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Journal of Humanistic Mathematics
Number of Followers: 1  

  This is an Open Access Journal Open Access journal
ISSN (Print) 2159-8118
Published by Claremont Colleges Homepage  [8 journals]
  • Mathematical Constants Beyond the Half-Circle: An Open Call for Poetry

    • Authors: Mark Huber et al.
      Abstract: The Journal of Humanistic Mathematics invites submissions of mathematical poetry for an upcoming poetry folder tentatively titled Mathematical Constants Beyond the Half-Circle. Please send your submissions via email to the editors by November 1, 2022. Publication decisions will be made by December 31, 2022. The folder is expected to appear in January 2023.
      PubDate: Sun, 31 Jul 2022 20:31:46 PDT
  • Squate

    • Authors: Tom Blackford
      Abstract: This is the story of a middle school student who befriends an irrational number, the square root of eight.
      PubDate: Sun, 31 Jul 2022 20:31:45 PDT
  • Perturbation - For Nature Computes On A Straight Line (In Seven Balancing

    • Authors: Vijay Fafat
      Abstract: What if all of our Reality is a simulation' What, perhaps, are the unintended artifacts if we are an "approximate" simulation because God could not muster sufficient computational power for the Equations capturing the ultimate Theory of Everything' Are life and Sentience something She intended, a problem with the simulation's code, or an irreducible, teleological inevitability in Creation'
      PubDate: Sun, 31 Jul 2022 20:31:44 PDT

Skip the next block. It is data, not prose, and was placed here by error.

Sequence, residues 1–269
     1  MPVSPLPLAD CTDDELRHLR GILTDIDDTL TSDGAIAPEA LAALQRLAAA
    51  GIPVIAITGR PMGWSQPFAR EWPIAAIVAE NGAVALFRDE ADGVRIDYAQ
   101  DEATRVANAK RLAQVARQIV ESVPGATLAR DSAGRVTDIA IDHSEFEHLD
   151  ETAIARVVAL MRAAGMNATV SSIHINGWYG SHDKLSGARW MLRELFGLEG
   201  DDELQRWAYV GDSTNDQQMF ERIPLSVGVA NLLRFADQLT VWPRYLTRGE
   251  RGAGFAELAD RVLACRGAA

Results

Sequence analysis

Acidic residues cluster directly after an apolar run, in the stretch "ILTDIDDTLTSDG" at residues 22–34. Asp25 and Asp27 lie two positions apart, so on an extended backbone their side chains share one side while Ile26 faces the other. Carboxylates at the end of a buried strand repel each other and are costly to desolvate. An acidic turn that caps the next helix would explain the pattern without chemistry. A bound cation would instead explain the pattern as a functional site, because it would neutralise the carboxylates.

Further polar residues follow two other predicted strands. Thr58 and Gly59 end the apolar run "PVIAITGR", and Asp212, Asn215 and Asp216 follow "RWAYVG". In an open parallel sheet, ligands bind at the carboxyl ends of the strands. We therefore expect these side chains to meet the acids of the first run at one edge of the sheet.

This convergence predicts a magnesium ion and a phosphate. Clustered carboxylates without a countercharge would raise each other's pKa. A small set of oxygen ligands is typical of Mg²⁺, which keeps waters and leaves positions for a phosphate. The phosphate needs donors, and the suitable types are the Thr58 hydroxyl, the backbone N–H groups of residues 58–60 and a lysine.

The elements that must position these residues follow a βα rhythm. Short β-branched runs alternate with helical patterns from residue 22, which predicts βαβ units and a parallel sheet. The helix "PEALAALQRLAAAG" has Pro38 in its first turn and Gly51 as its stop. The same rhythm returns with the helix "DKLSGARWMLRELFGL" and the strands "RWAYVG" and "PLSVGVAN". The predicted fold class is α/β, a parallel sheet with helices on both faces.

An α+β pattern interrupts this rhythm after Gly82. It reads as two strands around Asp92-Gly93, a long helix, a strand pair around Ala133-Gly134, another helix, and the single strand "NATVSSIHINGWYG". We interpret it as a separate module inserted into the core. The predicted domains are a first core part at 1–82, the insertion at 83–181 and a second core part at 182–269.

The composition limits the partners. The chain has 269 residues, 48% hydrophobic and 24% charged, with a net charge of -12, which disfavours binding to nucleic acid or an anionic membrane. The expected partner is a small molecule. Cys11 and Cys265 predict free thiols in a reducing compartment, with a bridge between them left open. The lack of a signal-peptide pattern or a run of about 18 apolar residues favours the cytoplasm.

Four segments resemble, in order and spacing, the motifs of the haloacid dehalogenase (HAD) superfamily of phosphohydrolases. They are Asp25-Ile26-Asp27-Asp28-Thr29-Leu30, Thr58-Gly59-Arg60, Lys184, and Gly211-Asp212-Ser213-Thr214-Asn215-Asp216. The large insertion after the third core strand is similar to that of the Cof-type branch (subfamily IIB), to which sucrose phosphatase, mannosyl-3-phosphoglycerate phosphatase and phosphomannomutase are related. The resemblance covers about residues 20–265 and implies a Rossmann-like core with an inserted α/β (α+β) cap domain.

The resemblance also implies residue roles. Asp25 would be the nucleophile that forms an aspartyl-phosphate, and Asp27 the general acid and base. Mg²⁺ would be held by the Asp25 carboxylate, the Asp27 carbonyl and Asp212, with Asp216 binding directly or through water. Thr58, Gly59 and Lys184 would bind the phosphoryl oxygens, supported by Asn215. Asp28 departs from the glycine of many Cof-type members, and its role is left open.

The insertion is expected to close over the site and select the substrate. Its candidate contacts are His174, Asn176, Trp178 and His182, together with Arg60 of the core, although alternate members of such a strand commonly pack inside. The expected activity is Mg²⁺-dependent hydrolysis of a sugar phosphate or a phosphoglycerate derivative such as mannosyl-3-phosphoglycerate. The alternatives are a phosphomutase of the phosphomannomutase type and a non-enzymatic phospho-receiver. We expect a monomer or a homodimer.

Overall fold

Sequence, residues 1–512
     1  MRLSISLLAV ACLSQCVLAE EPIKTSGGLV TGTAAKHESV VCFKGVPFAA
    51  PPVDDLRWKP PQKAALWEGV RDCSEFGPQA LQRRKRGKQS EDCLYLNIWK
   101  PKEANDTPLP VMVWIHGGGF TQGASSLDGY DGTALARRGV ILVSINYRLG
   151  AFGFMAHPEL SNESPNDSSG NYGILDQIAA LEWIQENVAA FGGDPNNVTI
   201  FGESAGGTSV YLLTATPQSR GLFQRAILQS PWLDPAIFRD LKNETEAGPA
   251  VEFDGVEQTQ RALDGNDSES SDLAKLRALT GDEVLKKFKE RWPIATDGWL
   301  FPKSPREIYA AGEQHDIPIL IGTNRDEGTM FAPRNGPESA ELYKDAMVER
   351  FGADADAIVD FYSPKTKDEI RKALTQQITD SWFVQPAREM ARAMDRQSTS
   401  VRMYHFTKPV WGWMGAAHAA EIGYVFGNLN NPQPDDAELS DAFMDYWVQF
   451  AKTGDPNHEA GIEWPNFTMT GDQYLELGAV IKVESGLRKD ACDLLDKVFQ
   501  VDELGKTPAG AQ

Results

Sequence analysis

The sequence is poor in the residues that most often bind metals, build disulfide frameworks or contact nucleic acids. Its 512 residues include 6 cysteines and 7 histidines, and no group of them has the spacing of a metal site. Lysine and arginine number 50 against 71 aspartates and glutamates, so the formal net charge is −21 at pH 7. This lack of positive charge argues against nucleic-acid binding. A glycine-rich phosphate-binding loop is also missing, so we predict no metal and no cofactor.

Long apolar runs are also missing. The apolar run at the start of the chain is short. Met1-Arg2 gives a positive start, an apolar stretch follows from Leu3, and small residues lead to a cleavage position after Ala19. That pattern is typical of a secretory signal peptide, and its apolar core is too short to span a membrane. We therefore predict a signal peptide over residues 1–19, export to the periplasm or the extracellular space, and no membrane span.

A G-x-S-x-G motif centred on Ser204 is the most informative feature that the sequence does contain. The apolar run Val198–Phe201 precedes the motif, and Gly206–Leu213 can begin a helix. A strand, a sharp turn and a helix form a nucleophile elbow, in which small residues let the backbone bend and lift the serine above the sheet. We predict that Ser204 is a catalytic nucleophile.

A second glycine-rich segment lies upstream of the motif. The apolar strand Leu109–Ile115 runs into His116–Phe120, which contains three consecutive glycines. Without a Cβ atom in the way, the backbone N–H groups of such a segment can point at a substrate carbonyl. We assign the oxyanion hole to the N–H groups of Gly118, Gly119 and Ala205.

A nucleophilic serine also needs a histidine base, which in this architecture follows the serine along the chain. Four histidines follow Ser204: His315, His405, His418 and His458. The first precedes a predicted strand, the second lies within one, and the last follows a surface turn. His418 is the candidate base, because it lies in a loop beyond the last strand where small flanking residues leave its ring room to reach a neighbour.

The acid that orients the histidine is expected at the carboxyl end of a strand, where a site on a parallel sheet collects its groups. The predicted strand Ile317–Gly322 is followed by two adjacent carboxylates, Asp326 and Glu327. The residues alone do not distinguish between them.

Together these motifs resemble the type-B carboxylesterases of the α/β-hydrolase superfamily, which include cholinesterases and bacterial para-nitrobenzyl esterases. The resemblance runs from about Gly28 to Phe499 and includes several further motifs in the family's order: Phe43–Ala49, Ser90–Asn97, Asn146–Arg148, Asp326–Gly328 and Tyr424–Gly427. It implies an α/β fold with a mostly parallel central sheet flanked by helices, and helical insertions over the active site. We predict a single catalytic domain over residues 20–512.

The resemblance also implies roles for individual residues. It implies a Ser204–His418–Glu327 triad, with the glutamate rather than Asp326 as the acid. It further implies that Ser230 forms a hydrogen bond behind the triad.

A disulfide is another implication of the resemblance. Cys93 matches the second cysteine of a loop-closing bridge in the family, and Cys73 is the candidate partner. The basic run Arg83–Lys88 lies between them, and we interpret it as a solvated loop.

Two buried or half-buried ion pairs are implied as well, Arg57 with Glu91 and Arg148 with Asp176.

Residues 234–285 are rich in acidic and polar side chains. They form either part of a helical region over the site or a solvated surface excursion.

• A Topologist’s Broken Heart

    • Authors: Josh Hiller
      Abstract: A poem about a topologist's broken heart.
      PubDate: Sun, 31 Jul 2022 20:31:43 PDT
  • Spurious Correlation Sestina

    • Authors: Jules Nyquist
      Abstract: This is a sestina poem about Spurious Correlations with a magical realism angle for beginning students learning statistics for the first time during the COVID pandemic.
      PubDate: Sun, 31 Jul 2022 20:31:43 PDT
  • Doughnut at the End of Space

    • Authors: Deborah Coy
      PubDate: Sun, 31 Jul 2022 20:31:42 PDT
  • Scientists Confirm Euler's Identity is Math's Most Beautiful

    • Authors: John F. Donoghue
      Abstract: The poem is an exploration of the natures of mathematical and artistic beauty.
      PubDate: Sun, 31 Jul 2022 20:31:41 PDT
  • Ode to delta

    • Authors: Evandro il Cinico
      PubDate: Sun, 31 Jul 2022 20:31:40 PDT
  • Circular Meditations

    • Authors: Kevin Farey
      Abstract: Circular Meditations is a sequence of seventeen interconnected poems pertaining to mathematics, science, history, politics, religion, and spirituality.
      PubDate: Sun, 31 Jul 2022 20:31:40 PDT
  • Mathematics Education as Dystopia: A Future Beyond

    • Authors: Peter Appelbaum et al.
      Abstract: We argue that scholars and practitioners of mathematics education need to find new directions through recognition of its dystopic characteristics, and embrace these characteristics as both the source of challenges and method of response. This contrasts with the generally utopic approach of most scholarship in the field. We offer critical ethnomathematics education as a model, since it has its own origins in lingering dystopic legacies. A perpetual hopelessness and disempowerment is one implicit curriculum of contemporary mathematics education, where the mathematics one learns might help to describe things, yet hardly assists in transforming the reification of power and agency in society. Embracing dystopia rather than trying to circumvent it generates new questions and pathways.
      PubDate: Sun, 31 Jul 2022 20:31:39 PDT
  • Ramanujan Cab Numbers: A Recreational Mathematics Activity

    • Authors: Soumya Banerjee
      Abstract: In this paper, I introduce teaching activities about Ramanujan’s cab numbers and related software that can inspire people and help them enjoy these beautiful mathematical creations.